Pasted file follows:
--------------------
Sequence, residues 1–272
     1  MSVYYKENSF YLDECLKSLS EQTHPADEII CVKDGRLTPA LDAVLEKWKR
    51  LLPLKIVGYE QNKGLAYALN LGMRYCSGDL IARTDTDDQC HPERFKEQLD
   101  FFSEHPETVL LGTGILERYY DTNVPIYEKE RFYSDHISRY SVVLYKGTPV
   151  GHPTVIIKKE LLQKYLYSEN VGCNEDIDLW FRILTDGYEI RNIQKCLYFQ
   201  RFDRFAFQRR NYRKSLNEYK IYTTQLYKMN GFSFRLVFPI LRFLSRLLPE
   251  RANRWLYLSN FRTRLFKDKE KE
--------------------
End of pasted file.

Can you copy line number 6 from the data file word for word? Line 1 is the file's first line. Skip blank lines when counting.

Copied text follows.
   201  RFDRFAFQRR NYRKSLNEYK IYTTQLYKMN GFSFRLVFPI LRFLSRLLPE